by Marcel Mutoni
Team owner Bob Johnson has no qualms with letting his employees know this. And this reality drives Larry Brown crazy.
The Charlotte Bobcats have had a raw deal over the last few years with their scheduling, and this season is no different. They have Johnson’s daughter (and her horsies) to blame.
From the Charlotte Observer:
Asked Monday what he thinks of closing the regular season with four road games, Charlotte Bobcats coach Larry Brown was frank: “It’s ridiculous to end like that,” Brown said. Team President Fred Whitfield understands Brown’s concern, and hopes to improve the situation in future seasons. But Whitfield has to balance his responsibilities to the team with his obligation to manage Time Warner Cable Arena.
For the second consecutive season, the Bobcats’ schedule is heavily backloaded with road games. Last season they played 19 of their final 29 away from Charlotte. This season 24 of the final 39 are on the road.
Some of this is unavoidable. Events such as the circus in late January and college basketball tournaments in February and March have locked-in dates. The Bobcats are aggressively booking concert business to fill the arena with up to 200 events annually. And the Charlotte Jumper Classic is a pet project for majority owner Bob Johnson. It takes up the last weekend of the regular season, a factor in the Bobcats’ closing road trip to Oklahoma City, Chicago, New Jersey and Orlando. Johnson’s daughter is an equestrian, and Whitfield made it clear this event is a priority. “The horse show is something he feels very deeply about, he’s very committed to,” Whitfield said. “As long as Bob is the majority owner, that’s something we’re planning to do.”
That obviously sucks something major, but Larry Brown should be thankful they don’t host golf tourneys indoors; MJ’s requests would probably drive him to drink.
This shouldn’t surprise anyone, I suppose: “According to legend, it all began — as many of the team’s old, crazy ideas have — with former Cavaliers guard Damon Jones. A couple years ago, the loquacious guard developed special handshakes with each of his teammates. He’d go through each of them during player announcements, spending the most time on a special, ever-morphing handshake with James just before he went to the scorer’s table to toss up talc. They would pantomime a boxing match, pretend to take pictures of each other, jiggle and dance…Jones went to Milwaukee in a trade over the summer, but the handshakes stayed. And evolved. And improved. And now, each Cavaliers player has his own, distinct gesture.”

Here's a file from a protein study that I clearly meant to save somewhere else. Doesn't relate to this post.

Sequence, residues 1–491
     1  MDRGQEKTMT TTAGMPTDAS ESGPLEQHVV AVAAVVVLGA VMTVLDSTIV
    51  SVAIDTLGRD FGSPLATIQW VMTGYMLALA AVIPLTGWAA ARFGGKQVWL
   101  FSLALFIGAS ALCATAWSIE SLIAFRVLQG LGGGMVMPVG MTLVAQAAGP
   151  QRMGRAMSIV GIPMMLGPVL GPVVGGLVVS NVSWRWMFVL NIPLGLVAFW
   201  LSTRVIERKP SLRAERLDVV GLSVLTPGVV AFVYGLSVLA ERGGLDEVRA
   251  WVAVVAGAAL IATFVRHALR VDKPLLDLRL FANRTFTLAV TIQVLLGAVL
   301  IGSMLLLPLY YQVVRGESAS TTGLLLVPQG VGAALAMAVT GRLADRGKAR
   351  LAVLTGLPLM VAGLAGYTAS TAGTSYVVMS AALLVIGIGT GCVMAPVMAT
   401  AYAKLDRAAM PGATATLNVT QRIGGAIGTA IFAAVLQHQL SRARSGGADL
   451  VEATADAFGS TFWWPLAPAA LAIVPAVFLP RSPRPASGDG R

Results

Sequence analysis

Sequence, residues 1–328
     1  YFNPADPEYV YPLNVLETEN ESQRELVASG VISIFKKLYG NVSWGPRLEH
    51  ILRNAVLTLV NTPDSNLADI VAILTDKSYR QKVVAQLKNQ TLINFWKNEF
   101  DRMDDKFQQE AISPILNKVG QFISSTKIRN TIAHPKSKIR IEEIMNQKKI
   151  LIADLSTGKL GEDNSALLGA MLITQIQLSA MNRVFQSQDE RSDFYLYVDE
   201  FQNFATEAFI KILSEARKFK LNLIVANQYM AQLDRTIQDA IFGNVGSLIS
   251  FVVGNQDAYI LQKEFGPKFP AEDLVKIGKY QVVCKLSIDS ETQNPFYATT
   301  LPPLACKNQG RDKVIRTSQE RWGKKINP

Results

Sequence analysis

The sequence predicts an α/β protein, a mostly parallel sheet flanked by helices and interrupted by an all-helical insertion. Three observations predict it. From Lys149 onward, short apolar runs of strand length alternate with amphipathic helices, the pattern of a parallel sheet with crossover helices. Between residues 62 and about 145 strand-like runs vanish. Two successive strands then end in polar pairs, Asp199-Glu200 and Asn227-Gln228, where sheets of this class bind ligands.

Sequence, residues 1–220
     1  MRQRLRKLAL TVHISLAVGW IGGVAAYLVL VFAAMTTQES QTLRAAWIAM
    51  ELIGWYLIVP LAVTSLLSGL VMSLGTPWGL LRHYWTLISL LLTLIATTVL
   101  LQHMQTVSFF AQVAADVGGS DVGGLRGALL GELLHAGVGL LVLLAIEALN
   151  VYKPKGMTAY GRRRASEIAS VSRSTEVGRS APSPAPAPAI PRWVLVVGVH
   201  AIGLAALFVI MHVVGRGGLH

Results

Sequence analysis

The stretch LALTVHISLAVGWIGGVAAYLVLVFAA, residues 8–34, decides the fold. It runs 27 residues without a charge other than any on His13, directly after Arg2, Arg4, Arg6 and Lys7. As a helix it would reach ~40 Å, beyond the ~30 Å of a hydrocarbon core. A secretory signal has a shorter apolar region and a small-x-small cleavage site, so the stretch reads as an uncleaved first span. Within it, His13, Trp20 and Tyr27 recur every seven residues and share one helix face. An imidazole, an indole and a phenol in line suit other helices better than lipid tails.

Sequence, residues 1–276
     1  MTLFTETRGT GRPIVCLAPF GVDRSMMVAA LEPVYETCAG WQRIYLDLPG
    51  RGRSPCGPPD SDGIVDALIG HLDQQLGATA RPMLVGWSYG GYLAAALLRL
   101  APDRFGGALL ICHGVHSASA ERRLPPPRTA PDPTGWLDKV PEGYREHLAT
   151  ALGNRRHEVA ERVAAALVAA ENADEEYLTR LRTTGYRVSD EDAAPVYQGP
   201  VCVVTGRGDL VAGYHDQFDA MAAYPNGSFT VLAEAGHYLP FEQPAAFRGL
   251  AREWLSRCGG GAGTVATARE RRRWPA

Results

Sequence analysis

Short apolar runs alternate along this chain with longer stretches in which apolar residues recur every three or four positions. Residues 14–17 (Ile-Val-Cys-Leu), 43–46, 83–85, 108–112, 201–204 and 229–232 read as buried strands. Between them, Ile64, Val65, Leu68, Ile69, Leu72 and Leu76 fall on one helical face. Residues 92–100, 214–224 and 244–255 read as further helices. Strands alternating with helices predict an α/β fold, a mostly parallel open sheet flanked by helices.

And that lesson is going to cost him a hefty sum: “Pistons star Allen Iverson must pay $260,000 for standing idly by and watching his bodyguard beat up another man in a 2005 bar fight, a federal appeals court ruled today. The U.S. Court of Appeals for the District of Columbia Circuit rejected the guard’s attempt to throw out the verdict decided by a jury in 2007. Bar patron Marlin Godfrey accused Iverson’s bodyguard, Jason Kane, of punching, kicking and hitting him with a bottle because he refused to vacate the VIP section at Washington club Eyebar to make way for the basketball star and his entourage. Godfrey suffered a concussion, a ruptured eardrum, a burst blood vessel in his eye, a torn rotator cuff, cuts and bruises, and emotional injuries.”